Once (or Twice, or Third Time’s a charm) In a Lifetime Wedding Planning Advice

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Congratulations,  you’re engaged! What’s next?

Every year in the United States, there are approximately 2.5 million weddings, and the wedding industry has grown to an empire of 40 billion dollars per year—that’s a lot of starry-eyed lovers tying themselves up in knots!

 

 

 

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As a much-married woman myself , I’m a wedding and honeymoon veteran. And being a former florist and now a travel consultant,  I’ve  also facilitated many weddings and honeymoons over the years. So I feel very qualified to give advice—about weddings and honeymoons, that is. Not necessarily about how to stay married. (We have Dr. Phil for that. )

First of all, pre-wedding, you have to narrow it down to THE ONE. Difficult, perhaps, when there are so many fish in the sea. But only one will truly be your soul mate forever, right?

Here’s my 5 Important Things to Know About Getting Married List.

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An embarrassment of riches!

 

 

 

 

 

 

 

 

 

 

 

 

 

 

Number One: It is NOT about “the event” itself. If you think it’s about having the wedding of your dreams, I have some bad news: you  wake up one morning and the party’s over. No more belle (or beau) of the ball for you. Nope, now you’re a married person, one half of the team, with the long years stretching before you and nobody cheering you on. the party’s over… That being said, photos are forever so please don’t cheap out on the flowers. They should be one of the first things you think about, not something tacked on at the end. (And I no longer have a dog in the hunt, so you know I’m telling the truth.) Flowers make every occasion special!

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Number Two: If you have a limited budget (and we all do, to one extent or the other), prioritize. Is it more important to spend a fortune on the wedding and reception, impressing your acquaintances or trying to outdo your best friend, or would you rather have a memorable honeymoon, one that sets up a lifetime of festive travels together? Personally, I’d go for the fab honeymoon. Big fancy weddings are stressful and short-lived–and  truly memorable honeymoon memories might just get you through a rough night down the road, when you’re awake at 3:00 am with a screaming, teething baby. (These things happen. One plus one makes three…or more!)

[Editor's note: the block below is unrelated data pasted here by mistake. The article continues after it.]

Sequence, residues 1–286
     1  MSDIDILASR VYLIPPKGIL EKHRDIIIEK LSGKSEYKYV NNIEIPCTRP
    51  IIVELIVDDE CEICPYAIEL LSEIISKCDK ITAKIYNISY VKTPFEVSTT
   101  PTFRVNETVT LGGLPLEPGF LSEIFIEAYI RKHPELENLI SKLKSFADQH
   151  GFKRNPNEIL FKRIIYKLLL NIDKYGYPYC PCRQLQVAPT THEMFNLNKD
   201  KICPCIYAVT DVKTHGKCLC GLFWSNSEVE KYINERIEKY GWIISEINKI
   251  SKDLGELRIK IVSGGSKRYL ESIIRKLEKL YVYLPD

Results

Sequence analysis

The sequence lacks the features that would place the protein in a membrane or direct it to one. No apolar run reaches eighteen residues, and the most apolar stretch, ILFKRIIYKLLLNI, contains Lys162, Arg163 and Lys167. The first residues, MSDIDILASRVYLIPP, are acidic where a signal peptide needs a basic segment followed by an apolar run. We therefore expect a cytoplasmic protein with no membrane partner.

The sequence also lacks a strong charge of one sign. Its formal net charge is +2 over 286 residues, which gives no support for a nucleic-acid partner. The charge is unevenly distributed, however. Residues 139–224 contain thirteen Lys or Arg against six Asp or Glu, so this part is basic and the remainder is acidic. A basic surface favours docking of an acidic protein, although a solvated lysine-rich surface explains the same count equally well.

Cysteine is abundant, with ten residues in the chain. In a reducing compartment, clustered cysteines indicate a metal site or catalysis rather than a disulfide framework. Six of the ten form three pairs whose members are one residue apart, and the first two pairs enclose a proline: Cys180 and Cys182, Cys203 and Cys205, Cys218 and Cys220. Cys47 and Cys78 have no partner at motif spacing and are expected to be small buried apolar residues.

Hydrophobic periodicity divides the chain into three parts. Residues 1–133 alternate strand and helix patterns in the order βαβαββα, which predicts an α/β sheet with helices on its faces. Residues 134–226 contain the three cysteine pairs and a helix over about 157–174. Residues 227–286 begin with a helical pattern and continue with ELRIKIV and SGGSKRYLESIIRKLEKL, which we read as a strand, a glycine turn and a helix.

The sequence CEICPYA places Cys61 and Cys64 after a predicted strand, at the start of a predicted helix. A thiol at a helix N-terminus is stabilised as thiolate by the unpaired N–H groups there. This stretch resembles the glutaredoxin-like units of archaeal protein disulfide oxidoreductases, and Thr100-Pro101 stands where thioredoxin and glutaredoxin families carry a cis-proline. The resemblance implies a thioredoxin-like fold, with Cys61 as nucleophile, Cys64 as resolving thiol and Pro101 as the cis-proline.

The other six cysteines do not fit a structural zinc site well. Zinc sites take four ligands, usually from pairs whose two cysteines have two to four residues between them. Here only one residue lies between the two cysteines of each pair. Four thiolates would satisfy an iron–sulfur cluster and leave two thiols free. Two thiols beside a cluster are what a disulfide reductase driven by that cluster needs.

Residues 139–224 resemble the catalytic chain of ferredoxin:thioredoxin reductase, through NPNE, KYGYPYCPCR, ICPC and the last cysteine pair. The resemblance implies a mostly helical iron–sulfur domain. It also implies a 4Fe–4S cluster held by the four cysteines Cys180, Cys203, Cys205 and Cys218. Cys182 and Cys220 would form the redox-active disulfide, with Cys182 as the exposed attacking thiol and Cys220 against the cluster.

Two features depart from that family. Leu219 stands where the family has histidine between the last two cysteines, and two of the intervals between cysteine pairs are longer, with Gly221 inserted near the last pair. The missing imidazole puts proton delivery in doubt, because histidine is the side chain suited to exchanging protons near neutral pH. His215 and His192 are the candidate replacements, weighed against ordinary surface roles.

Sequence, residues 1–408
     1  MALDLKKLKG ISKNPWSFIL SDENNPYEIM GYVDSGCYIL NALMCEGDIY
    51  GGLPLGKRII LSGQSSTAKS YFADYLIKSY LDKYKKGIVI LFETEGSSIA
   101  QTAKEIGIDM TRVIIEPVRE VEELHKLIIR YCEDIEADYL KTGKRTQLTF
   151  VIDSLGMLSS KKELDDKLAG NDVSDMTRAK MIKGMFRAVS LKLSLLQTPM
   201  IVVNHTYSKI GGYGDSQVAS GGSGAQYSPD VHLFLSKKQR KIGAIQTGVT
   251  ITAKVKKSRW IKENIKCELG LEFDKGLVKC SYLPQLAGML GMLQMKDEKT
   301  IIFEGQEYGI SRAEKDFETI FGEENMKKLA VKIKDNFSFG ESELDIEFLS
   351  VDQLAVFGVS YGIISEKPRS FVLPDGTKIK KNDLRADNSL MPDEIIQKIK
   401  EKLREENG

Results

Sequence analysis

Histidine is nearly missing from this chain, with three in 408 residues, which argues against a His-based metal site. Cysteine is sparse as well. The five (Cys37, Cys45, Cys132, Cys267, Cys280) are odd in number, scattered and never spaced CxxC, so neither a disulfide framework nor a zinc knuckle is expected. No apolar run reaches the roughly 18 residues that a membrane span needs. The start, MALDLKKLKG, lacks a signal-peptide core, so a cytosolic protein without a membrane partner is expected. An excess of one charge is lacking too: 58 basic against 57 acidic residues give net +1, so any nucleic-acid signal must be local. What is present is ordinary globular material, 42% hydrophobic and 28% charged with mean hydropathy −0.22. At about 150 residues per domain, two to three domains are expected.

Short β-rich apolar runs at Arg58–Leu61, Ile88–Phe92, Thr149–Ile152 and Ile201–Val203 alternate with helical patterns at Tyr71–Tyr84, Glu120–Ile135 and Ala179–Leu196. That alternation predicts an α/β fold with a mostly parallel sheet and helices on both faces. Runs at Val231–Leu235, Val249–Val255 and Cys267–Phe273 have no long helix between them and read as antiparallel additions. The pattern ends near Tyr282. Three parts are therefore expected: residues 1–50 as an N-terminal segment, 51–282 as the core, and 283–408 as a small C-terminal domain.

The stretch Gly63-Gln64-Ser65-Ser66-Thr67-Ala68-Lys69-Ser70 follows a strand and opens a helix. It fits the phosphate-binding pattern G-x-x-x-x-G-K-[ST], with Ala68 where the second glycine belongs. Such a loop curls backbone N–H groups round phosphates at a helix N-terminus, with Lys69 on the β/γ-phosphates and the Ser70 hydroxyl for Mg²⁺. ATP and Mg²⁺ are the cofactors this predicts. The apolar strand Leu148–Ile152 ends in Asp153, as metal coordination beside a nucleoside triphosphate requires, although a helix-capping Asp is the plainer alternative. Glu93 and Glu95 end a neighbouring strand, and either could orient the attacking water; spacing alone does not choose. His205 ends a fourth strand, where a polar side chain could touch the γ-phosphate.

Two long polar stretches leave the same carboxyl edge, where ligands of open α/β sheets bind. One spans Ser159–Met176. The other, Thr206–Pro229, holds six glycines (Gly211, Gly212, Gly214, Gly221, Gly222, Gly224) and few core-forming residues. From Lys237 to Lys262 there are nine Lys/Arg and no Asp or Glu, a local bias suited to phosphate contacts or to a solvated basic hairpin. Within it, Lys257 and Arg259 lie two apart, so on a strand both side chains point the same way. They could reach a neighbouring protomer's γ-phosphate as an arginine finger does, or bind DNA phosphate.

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Number Three: In any case, please, please, please do NOT spend more than you can really afford. A boatload of debt will create unnecessary stress and cause fights. You will have plenty of other things to fight about, as you probably already know.

 

 

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Number Four: Expect to detox the first few days after the wedding. Especially if you’ve blithely disregarded all my sage wisdom and have persisted with the big stressy wedding, you’ll find yourself crashing when you hit the sandy beach. Plan your activities for later in the week and give yourselves a few days to just lay low.

 

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I’ve been married four times. People think that’s a lot, but when it’s your own life, it all feels organic and natural. That means  four honeymoons: The first time, back in 1980, we went to Yosemite and stayed in a rustic cabin–cozy fires, bike riding, big puffy coats! Gorgeous Yosemite and Bridal Veil Falls.

 

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The second time, we headed north: to beautiful British Columbia. Victoria, Vancouver, BC, the San Juan Islands…we stayed in B&B’s, which my husband HATED–no TV, shared bathrooms, tea with the apron-clad grandma who ran the place… Victoria, BC.

 

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The third time we chose Mexico. Sunny Puerta Vallarta–lots to do there. We kayaked and snorkeled and jet-skied with big sea turtles… me and the iguana!

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That’s NOT the 3rd husband.

 

 

 

 

 

 

 

 

 

 

 

 

 

 

The fourth (current and final) husband and I chose another path–we did a destination wedding in Miami on a cruise ship and sailed off on our honeymoon with 50 guests!  It took some time, but I finally found the right guy for me. Which brings me to my last and most important piece of advice—

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Number Five: If for some reason, this marriage doesn’t work out,  you can always reboot. No matter what they tell you, there’s an escape clause. If you need support, call me. Not everyone finds the love of their life the first rattle out of the box. I hope you are happy forever, married or single, remarried or blissfully living together, and I hope you have the courage to  ”get back up on that horse and ride” if you’re thrown a time or two.

 

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